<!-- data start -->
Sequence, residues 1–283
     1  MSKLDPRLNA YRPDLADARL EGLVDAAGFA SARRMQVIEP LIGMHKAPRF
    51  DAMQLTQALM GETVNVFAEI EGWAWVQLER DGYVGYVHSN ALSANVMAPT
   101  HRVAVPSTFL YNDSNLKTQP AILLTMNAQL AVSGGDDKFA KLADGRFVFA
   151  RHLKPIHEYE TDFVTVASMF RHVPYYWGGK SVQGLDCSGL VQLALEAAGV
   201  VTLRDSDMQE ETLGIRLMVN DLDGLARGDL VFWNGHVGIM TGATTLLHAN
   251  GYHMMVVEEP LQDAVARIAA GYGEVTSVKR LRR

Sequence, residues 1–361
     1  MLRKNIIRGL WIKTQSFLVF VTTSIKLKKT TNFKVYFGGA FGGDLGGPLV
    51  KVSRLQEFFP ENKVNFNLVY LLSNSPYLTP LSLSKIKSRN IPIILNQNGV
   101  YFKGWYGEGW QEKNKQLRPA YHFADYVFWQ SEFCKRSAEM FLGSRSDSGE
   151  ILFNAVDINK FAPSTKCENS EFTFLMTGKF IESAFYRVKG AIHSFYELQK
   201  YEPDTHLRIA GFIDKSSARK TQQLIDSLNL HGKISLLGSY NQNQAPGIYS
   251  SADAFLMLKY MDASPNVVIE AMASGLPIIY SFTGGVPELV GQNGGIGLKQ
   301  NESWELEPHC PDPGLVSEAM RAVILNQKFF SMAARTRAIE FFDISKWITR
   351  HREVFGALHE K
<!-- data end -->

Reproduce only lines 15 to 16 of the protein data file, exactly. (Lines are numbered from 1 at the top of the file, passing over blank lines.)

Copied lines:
   301  NESWELEPHC PDPGLVSEAM RAVILNQKFF SMAARTRAIE FFDISKWITR
   351  HREVFGALHE K